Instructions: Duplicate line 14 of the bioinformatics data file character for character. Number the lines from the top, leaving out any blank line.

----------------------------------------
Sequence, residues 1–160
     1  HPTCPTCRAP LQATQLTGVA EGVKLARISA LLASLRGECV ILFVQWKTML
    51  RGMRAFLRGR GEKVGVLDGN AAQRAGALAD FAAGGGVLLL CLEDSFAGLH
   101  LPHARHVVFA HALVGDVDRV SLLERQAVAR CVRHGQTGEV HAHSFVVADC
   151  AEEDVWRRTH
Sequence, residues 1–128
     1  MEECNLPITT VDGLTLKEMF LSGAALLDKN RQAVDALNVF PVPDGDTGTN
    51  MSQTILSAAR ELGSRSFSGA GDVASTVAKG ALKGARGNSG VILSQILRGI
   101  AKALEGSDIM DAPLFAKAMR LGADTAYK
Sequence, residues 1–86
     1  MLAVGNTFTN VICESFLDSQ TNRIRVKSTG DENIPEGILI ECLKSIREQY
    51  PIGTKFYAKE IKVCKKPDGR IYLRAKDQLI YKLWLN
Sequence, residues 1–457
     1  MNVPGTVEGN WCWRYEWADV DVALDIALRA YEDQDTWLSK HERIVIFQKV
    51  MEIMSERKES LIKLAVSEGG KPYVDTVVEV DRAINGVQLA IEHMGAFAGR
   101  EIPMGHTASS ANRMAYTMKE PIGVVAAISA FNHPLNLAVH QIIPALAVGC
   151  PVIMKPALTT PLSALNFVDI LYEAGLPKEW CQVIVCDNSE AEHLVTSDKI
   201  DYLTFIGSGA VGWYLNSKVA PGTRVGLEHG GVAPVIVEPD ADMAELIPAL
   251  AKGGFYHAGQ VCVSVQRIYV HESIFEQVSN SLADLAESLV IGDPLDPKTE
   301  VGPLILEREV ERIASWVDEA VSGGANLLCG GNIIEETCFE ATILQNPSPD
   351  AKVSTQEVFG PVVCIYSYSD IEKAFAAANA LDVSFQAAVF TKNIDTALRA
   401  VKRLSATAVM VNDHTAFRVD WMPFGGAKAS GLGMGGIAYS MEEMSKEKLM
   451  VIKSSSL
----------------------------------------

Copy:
     1  MNVPGTVEGN WCWRYEWADV DVALDIALRA YEDQDTWLSK HERIVIFQKV